Let them challenge themselves

Published by Lori Pickert on August 26, 2011 at 12:33 PM

“At Tinkering School, children arrive not knowing what they’re going to do,” says Welch. “Gever whips off the tablecloth and says, ‘These are the tools and materials I challenge you with and this is what I challenge you to build.’ But wouldn’t it be better if the children said, ‘We challenge ourselves’?”

[W]ouldn’t it serve our children better if we could then give them tools and materials and let them do their own work? — BrightWorks, A School that Rethinks School

An interesting article about a new private school that is attempting to embody many of the things I write about on this blog. My only quibble: it sounds like the “collaborators” (the staff) get to choose the theme.

6 comments

Comment by Anne T. on August 26, 2011 at 08:48 PM

This school will be right up the road from us and I've wondered if I had a spare 15,000 if I would send my kid there. It is going to be a great experiment, if nothing else. Will be interesting to see how it evolves.

Comment by patricia on August 26, 2011 at 11:34 PM

I've been following this school for a while now, since it's near my home and I'm so curious about it.

(Then again, with their almost $20,000 a year tuition, I like the freedom--financial and otherwise--that homeschooling affords!)

Comment by Amy on August 27, 2011 at 04:40 AM

Ha, if the kids in this school are anything like mine they best prepare for mutiny. In the presence of tools (art supplies, utensils, toys, etc) no idea I harbor is match for what my small people have in mind.

Comment by Lori Pickert on August 27, 2011 at 02:25 PM

i am interested, having owned and operated my own private school. I have visited so many programs that said the kids were in charge but .. mm .. the kids were not in charge. and not invested. so i heartily support every new effort, but i admittedly take it all with a grain of salt now.

sad that the tuition is so high. i know from experience that it costs $$$ to hire the best staff and etc., but they must be in a high-cost area because that would buy a lot of materials.

amy, that's where i raise my eyebrow — the kids shouldn't have to mutiny to do what they want! "do their own work" is good, but the key word is *own*. if someone else is picking the "theme" .. well, i'll wait and see. maybe it'll be great!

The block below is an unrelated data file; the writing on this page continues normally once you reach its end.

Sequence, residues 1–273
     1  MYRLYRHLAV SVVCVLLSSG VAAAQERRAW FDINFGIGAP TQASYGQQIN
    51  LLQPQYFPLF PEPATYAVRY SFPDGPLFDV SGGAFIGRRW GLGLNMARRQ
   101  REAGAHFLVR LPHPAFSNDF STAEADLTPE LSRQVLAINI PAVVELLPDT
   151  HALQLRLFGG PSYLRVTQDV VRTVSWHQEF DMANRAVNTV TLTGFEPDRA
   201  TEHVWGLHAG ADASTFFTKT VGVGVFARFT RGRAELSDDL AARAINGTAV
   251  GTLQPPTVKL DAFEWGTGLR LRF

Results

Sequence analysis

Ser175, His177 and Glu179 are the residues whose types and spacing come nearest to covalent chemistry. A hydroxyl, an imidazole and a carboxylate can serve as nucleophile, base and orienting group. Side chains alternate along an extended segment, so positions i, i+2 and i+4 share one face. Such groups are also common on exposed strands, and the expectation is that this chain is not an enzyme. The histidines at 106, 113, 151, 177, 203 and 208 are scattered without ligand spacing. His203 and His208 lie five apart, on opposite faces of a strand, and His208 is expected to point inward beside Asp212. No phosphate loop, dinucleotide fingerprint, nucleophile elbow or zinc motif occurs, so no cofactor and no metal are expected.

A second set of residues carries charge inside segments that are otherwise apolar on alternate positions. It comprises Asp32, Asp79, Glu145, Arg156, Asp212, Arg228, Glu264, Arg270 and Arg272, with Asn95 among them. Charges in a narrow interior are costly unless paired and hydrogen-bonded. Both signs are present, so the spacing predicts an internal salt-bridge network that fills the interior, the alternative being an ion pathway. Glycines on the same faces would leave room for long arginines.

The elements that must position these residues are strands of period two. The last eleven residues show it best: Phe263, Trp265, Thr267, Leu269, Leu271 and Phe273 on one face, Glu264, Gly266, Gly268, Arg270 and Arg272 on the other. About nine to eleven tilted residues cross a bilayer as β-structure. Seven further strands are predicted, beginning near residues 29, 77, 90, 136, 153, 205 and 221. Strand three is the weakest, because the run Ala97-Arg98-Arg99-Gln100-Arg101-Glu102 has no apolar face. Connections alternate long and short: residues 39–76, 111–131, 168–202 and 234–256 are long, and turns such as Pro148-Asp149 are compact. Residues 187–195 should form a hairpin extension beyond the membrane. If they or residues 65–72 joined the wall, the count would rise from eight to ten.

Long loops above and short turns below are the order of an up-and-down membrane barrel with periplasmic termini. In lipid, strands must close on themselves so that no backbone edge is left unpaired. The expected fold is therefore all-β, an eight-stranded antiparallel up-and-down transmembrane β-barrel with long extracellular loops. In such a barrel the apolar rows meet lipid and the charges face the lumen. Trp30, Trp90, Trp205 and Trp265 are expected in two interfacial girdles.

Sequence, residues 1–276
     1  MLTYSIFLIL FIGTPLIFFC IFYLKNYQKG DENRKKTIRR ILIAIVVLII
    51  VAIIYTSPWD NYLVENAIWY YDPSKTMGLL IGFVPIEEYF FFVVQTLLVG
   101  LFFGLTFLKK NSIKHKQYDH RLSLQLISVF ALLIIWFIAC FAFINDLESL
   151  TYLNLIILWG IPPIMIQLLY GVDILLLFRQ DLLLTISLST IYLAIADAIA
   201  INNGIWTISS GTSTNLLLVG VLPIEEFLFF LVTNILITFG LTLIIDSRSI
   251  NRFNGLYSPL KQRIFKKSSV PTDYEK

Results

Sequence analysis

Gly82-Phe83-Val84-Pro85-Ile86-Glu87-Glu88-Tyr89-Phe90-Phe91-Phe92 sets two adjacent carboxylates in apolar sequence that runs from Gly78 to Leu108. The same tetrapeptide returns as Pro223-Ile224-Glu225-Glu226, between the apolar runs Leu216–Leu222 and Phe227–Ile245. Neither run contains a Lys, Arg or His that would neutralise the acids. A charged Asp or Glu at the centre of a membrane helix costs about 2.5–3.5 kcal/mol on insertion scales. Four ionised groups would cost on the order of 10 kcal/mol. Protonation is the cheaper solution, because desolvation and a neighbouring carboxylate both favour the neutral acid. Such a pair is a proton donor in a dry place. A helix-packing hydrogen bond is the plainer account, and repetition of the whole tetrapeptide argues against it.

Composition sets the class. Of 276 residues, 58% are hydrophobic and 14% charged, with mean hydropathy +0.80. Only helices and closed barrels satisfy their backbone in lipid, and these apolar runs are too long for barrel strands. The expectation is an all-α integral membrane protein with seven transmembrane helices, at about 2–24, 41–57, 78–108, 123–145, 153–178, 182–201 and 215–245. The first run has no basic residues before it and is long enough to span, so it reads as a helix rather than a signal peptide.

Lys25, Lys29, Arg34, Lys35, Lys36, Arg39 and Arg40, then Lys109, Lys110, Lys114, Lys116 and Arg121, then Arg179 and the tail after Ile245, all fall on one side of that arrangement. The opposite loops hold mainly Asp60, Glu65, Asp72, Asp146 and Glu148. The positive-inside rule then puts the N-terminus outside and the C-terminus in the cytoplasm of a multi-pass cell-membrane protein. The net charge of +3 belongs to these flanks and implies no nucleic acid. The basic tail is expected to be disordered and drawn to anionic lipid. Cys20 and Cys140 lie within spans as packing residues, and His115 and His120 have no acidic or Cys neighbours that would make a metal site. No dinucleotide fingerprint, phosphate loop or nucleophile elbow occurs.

Comment by Alex on August 30, 2011 at 06:00 AM

What happens to the kid who can't commit to and stick with a project? That's a lot of pressure when you're 18 or 20 and trying to choose a major, let alone chose something in elementary school to work on for a looooong time. The theme did seem sort of contrived to me, but I do see the point in providing everybody with a set of group experiences as a jumping off point. Stil, as a big fruity unschooling leaning hippy, wary of the resemblance to a million "progressive" programs where you are taught something and then have the freedom to do any sort of project in response...My main memory of this is choosing something very easy for me and feeling like I got away with something for getting a good grade. I'm good at saying nay though. I'd love to see this program succeed. Please revisit this one!

Comment by Lori Pickert on August 30, 2011 at 06:51 PM

since projects grow out of a child's deepest interests, there's no problem with commitment — the work is self-chosen. the child's interest also determines how long the project lasts. he doesn't have commit to a "looooong time" — he simply keeps going as long as he wants to keep going while he's supported to dig in deeply.

"That's a lot of pressure when you're 18 or 20 and trying to choose a major, let alone chose something in elementary school..." yes, and the interesting thing is, allowing kids to do meaningful work and explore their passions *early* means they'll be much better prepared as a young adult to choose their path. as the system stands now, kids are shuttled along and graduate from high school not necessarily knowing what they really care about or what really interests them — that's a bad position from which to quickly choose how best to spend $50-100,000 on the education that will form the foundation of their future career.

re: theme/group experiences — project topics can be chosen from the children's interests rather than simply arbitrarily handed down by teachers. that way, you get all the positives of collaborative group work but it's still owned by the kids.

re: choosing something very easy and feeling like you got away with something .. this is typical when a child wants to avoid "work" and maybe "learning" if they associate learning and work with something they don't want to do. the aim of project learning (as i define it and champion it) is to help them do the work they want to do. so they wouldn't want to avoid it. whatever they're going to do *after* they avoid something .. that's what you want to help them do.

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